Anyone who has had the pleasure of choosing a make over colour for their home knows it can be a challenge depending not only on the palette offered by the store but also by its sale people.
In our case, it took 3 men to calculate the amount of paint required to cover the walls of a 16 x 20 cabin or 320 sq. feet...
Even keeping in mind 3 windows and a door, 2 x 14.5 pitches and 2 heights of 8 ft, I never came to the 280 sq. feet they advise me...
Guess who had to go back down the mountain to buy more paint...
Not to sound too critical but we ladies sometime knows better...
"To calculate square footage, multiply the width by the height of each wall and then add the figures together. Next, calculate the area of all surfaces that will not be painted, such as windows, fireplaces, and the like. Again, multiply width times height and add the figures together. Then, subtract this number from the first number. Finally, add 10% so you will have some paint left over for touch-ups or repairs in the future.
" There you go!
But then I am only a woman...
Coming back to the many amenities of civilization - the cabin has a generator, a solar pump for our 306 ft deep well, no electricity or running water and as for the loo, it can be a challenge at times - we always seem to have lots of mail to deal with and then (or not) a few parcels.
In this instance once again the USPS reminded me not to put them on my Christmas list... One parcel is AWOL, a second was delivered at a neighbour's box... However my copy of Martha Washington's cook book arrived safely! Wow!
I had the pleasure of discovering the First Lady's kitchen and herb garden a long time ago and never forgot it. A step back in the past and yet amazingly all the necessary requirements of a much more modern but efficient kitchen. I loved its tiled floors, the large working tables and the spacious yet cozy feeling the kitchen exuded.
I soon learned Martha Washington made sure every dish was prepared exactly as called for in her personal cookbook given to her at the time of her first marriage to Daniel P. Custis in 1749.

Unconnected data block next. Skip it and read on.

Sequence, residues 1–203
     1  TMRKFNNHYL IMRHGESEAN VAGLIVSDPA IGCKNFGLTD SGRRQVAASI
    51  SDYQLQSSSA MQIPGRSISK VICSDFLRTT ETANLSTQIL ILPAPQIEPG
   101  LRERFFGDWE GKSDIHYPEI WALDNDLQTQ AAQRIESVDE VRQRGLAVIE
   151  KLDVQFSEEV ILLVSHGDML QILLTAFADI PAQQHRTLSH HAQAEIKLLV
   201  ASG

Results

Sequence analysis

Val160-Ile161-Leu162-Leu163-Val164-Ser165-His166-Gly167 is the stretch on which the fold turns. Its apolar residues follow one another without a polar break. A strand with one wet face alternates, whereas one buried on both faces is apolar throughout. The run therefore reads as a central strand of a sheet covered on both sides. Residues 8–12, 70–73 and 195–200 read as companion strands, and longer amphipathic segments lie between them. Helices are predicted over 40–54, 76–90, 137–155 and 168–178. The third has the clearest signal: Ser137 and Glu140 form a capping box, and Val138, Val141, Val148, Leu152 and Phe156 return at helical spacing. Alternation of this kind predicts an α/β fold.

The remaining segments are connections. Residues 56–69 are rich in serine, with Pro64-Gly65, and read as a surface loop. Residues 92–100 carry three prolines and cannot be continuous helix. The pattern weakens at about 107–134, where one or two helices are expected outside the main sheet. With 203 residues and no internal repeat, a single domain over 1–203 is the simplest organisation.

As a wedding gift, her mother-in-law presented Martha with a personal copy of the Custis family cookbook. Handwritten by an unknown hand in old English, the recipe book containing over five hundred recipes had been in the Custis family for generations. This was a family heirloom dating back to the early 1600s and the recipes dated apparently from Elizabethan and Jacobean times, some say the golden age of English cuisine.The First Lady kept and used her family cookbook for more than 50 years. In 1799, she presented the book to her granddaughter, Eleanor Parke Custis as a wedding gift when she married Lawrence Lewis. It was handed down from mother to daughter until 1892 when the Lewis family presented it to The Historical Society of Pennsylvania where it still resides today.
The above cake was a favourite of the family and often served at dinners presided by Washington and the First Lady.
"Take 40 eggs and divide the whites from the yolks and beat them to a froth. Then work 4 pounds of butter to a cream and put the whites of eggs to it a Spoon full at a time till it is well worked. Then put 4 pounds of sugar finely powdered to it in the same manner then put in the Yolks of eggs and 5 pounds of flour and 5 pounds of fruit. 2 hours will bake it. Add to it half an ounce of mace and nutmeg half a pint of wine and some fresh brandy.
Translated for us:
In making Martha Washington's famed cake, Mount Vernon's curatorial staff followed Mrs. Washington's recipe almost exactly. Where the recipe called for 5 pounds of fruit, without specifying which ones, 2 pounds of raisins, 1 pound of currants, and 2 pounds of apples were used. The wine used was cream sherry. Since no pan large enough was available to hold all the batter, two 14 layers were made and stacked (note: the original was one single tall layer). The layers were baked in a 350 degree oven for 1.5 hours. Should be iced with a very stiff egg-white based icing, flavored with rosewater or orange-flower water."
Obviously I cannot justify baking such a large cake but a smaller scale version sounds lovely!
The book is a wonderful way to step back in times gone by and since I love History and Cooking, I went one step further and found a copy of the First American Cookbook produced in 1796!
Worth reading, and bound to find a place on your bookshelves if you are anything like me!
Please note I was not remunerated in any way for this post and simply wanted to share my opinion!